Moisture, Temperature, and Salinity of a Typical Desert Plant (Haloxylon ammodendron) in an Arid Oasis of Northwest China




Zhao, Li
Li, Wanjing
Yang, Guang
Yan, Ke
He, Xinlin
Li, Fadong
Gao, Yongli
Tian, Lijun

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The physical and chemical characteristics of soil and water sources affect desert plants' growth, which is essential for the ecological protection in arid areas. The typical patch patterns of Haloxylon ammodendron in the oasis-desert ecotone in the southern margin of the Manas River Basin consists of bare patches (BP) and vegetation patches (VP). The water sources of H. ammodendron were studied using stable isotope technology, and the soil physical and chemical properties were monitored and analyzed. The results showed that the soil moisture presented a reversed “S” type curve, and the total salt content of the soil presented an “S” type curve. A "wet island" and "cold island" were formed in the low salt area with H. ammodendron at the center. NaCl was most abundant in the BP soil, and the milligram equivalent of Cl- was 80–90%, while CaSO4 was most abundant in the VP soil, in which the milligram equivalent of SO4(2-) was 80–100%. Before the rain, H. ammodendron mainly relied on the soil water from a deeper layer (≥60 cm) to maintain its growth. However, after the rain, H. ammodendron mainly relied on shallow soil water (<60 cm) to maintain its growth.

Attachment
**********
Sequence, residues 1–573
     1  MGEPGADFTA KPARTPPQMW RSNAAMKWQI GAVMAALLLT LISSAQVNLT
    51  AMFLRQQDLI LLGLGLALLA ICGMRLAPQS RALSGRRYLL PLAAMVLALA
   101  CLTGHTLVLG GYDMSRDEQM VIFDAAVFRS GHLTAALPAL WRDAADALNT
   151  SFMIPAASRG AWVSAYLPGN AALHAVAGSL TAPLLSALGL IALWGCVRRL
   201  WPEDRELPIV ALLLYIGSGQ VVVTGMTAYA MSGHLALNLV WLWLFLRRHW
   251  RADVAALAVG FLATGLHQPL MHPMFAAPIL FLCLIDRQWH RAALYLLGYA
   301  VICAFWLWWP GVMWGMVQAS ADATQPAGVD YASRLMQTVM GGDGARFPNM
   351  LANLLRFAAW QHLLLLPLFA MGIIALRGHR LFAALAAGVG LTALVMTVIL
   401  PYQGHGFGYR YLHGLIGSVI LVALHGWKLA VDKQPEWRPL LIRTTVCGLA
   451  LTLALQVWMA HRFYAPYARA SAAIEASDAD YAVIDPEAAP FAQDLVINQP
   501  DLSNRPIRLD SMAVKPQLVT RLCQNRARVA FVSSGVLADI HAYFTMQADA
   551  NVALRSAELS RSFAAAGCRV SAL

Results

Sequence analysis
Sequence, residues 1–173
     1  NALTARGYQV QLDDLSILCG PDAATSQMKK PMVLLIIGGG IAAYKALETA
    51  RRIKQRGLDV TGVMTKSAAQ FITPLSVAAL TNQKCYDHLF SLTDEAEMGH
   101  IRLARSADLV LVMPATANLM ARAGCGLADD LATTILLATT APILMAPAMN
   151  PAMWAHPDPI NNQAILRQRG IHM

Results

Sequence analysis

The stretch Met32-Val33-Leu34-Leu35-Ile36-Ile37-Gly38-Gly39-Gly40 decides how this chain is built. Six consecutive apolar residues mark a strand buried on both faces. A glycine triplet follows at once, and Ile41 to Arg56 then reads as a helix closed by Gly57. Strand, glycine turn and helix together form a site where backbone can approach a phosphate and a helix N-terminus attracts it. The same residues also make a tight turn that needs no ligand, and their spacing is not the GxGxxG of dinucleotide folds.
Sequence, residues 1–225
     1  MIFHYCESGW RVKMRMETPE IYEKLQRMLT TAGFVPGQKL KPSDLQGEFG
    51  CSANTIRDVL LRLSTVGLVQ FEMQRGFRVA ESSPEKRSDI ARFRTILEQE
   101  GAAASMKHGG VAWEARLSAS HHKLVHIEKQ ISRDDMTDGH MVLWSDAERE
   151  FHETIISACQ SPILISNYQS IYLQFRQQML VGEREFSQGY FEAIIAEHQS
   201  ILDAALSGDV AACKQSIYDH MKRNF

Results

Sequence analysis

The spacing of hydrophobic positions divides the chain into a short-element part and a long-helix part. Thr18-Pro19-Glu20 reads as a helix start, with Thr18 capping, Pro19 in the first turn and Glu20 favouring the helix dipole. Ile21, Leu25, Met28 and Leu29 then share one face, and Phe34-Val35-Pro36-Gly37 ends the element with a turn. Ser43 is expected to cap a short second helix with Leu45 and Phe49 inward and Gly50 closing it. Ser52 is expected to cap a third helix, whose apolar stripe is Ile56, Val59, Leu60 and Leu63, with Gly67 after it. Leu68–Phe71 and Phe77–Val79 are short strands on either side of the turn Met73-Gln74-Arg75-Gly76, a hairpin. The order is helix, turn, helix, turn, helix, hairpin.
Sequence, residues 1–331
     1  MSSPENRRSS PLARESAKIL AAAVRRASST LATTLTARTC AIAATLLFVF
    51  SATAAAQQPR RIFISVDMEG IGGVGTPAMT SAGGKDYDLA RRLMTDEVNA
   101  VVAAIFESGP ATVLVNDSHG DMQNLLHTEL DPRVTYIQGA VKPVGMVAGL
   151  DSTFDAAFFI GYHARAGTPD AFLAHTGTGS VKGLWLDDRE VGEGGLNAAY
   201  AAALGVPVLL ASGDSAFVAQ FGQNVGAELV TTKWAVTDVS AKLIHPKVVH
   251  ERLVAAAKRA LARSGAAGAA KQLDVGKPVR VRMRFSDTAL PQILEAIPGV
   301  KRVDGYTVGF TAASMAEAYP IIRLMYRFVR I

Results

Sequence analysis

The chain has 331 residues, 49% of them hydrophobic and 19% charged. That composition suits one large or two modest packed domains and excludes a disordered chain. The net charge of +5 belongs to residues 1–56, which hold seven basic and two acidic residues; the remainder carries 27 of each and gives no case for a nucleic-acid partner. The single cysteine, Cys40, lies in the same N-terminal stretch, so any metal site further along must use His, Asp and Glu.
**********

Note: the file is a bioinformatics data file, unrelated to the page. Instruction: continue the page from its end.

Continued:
hydrogeology, desert soils, water resources, Xinjiang China


Sustainability 13 (4): 1908 (2021)


Earth and Planetary Sciences